Some kids go through their pre-college years with a huge, if invisible, “kick me” sign pasted above their heads. I came to college with a giant, invisible-but-still-flashing-neon “mentor me” sign. Challenges I didn’t recognize at the time hindered my attempts to secure stable mentorship, which provided even more opportunities for would-be mentors to proposition me. To this day, I can’t be sure how many really propositioned me, or whether I missed out on some perfectly innocent mentoring through sheer skittishness. Enough offers involved a bed, though, to make it implausible they all weren’t propositions.

I admit, I wanted “it.” It’s just that the “it” wasn’t sex: it was mentorship, though I wasn’t confident I’d manage to avoid Faustian bargains in my thirst to find it. One missed Faustian bargain began with a plotline straight out of a cheesy romance novel, but that’s a story for another time, a story bohemian enough I knew to keep my guard up. Another vividly memorable miss involved a layman of some elevated authority in my church, and that miss was narrow enough to cause some scandal. I did let my guard down more around a man I imbued with Christian authority than I would have around the more bohemian, and my greater trust was nearly my undoing. If that was my experience at a secular college, how much worse must be possible at Catholic seminaries, where all those in authority over you are presumed to be Christian authorities?

***

Complicating matters, what counts as sexual grooming in an exploitative relationship overlaps with what would simply be courtship in a more equal relationship. Even among those who manage to remain virgins until marriage, courtship typically entails the bolder lover persuading the shyer lover to shed sexual boundaries, much as a groomer does to his victims. While those called to a life of celibacy ought to know they’re not called to courtship, mentors often do favor their proteges by treating them more as “equals”, and when a man has you convinced enough you’re his equal, it becomes easier to forget the real power he has over you if he comes “courting”. Is the story of Abelard and Héloïse a tragic story of doomed love? Or is it a story of mentorship gone horribly awry?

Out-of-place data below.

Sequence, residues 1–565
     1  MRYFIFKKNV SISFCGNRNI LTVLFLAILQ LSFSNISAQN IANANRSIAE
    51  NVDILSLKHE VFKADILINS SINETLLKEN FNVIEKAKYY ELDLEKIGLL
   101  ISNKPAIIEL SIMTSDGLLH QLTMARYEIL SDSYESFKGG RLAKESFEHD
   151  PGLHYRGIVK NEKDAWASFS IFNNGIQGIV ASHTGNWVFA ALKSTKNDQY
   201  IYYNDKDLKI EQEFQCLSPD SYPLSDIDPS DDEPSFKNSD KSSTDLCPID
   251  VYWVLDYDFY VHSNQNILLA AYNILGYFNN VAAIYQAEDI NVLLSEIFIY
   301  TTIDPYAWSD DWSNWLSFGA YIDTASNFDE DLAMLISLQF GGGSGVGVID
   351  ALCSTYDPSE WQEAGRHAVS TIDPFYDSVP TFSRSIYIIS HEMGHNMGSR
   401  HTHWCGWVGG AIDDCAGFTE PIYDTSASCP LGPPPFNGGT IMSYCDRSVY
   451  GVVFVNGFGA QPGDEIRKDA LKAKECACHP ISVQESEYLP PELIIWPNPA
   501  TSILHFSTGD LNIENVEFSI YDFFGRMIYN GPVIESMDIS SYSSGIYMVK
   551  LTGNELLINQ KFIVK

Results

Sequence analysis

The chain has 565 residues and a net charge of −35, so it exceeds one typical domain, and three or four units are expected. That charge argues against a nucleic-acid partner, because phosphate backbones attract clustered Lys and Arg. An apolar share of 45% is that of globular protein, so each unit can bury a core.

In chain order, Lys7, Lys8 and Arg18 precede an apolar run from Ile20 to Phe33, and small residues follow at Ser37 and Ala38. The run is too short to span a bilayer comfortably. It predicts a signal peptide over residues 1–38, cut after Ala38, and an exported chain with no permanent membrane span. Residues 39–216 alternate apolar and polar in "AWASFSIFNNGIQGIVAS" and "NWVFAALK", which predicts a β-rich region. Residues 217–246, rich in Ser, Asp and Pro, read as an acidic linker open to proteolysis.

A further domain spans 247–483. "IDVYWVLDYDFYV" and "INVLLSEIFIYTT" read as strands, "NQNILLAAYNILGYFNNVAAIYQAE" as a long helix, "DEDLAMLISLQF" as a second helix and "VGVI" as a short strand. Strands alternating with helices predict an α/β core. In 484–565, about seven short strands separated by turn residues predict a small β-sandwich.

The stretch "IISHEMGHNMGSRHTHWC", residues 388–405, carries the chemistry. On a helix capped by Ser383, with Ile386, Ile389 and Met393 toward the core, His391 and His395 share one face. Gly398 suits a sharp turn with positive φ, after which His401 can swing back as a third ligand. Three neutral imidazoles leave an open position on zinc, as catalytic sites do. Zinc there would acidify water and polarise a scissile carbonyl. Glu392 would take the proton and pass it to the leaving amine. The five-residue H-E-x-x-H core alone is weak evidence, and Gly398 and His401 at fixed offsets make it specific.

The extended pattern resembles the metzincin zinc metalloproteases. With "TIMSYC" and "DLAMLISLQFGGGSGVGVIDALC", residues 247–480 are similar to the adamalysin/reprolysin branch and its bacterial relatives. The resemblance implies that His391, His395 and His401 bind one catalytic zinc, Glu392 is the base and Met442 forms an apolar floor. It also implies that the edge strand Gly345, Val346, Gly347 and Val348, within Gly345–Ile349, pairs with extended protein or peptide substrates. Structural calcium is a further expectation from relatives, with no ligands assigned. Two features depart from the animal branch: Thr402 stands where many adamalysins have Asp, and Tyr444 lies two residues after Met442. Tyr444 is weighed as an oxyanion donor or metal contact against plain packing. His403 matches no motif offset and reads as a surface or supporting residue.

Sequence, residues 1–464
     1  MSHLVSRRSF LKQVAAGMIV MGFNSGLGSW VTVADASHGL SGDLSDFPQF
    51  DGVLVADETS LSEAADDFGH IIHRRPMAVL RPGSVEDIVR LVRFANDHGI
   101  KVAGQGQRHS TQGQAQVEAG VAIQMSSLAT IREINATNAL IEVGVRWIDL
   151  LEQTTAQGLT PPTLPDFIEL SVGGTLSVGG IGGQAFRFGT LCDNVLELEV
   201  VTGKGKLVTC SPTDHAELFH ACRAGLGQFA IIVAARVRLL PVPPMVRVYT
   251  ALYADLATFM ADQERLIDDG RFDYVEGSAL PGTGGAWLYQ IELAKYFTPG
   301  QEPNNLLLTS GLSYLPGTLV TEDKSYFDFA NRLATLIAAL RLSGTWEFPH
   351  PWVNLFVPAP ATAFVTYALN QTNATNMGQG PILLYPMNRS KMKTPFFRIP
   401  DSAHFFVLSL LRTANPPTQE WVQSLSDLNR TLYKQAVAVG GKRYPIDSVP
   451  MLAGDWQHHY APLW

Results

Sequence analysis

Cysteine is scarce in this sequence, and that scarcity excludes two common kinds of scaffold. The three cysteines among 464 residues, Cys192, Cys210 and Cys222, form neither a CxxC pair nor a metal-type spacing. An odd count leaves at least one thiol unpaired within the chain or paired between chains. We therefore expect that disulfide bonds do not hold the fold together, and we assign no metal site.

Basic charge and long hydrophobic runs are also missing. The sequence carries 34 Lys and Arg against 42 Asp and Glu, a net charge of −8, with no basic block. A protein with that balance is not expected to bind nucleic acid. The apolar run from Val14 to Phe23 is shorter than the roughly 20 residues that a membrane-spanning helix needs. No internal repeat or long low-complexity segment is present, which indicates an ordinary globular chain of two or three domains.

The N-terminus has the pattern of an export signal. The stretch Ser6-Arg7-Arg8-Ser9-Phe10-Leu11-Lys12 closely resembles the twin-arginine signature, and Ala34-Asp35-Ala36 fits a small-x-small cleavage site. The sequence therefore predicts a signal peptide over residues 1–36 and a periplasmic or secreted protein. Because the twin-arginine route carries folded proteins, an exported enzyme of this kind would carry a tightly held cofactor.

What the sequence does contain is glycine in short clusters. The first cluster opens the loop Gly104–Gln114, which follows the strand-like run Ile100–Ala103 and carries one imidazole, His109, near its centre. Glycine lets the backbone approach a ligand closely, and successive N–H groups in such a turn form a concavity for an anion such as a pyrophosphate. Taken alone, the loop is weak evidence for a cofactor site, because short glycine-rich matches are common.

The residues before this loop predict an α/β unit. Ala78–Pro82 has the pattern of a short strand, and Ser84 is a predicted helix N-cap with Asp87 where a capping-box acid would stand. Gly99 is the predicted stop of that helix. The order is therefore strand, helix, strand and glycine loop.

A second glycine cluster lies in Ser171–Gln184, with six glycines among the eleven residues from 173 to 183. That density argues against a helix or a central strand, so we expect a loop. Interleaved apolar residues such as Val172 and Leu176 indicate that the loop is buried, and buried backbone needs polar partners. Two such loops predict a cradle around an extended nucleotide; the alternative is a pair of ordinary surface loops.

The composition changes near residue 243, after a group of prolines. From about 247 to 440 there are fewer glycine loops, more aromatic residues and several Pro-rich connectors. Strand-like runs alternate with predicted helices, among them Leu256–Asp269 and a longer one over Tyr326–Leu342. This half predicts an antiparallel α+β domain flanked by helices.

“But Héloïse was a woman. You’re a woman. Aren’t you missing the fact that sexual abuse among Catholics is usually male on male?” No, I’m not. But I imagine young women seeking mentorship in male-dominated fields risk their chastity in ways not too dissimilar from how young gay men seeking mentorship in male-dominated fields risk theirs. Furthermore, it’s difficult to insist that spiritual formation take place without mentorship. While Christian discipleship means following Christ, not merely someone purportedly speaking for Christ, the body Christ left for His disciples on earth is the church, and the more hierarchical the church, the more the line blurs between following Christ and following your superiors in the hierarchy:

If your superiors in the hierarchy are themselves sound members of the body of Christ, this blurred line might prove more helpful than harmful. But what if they’re not?

***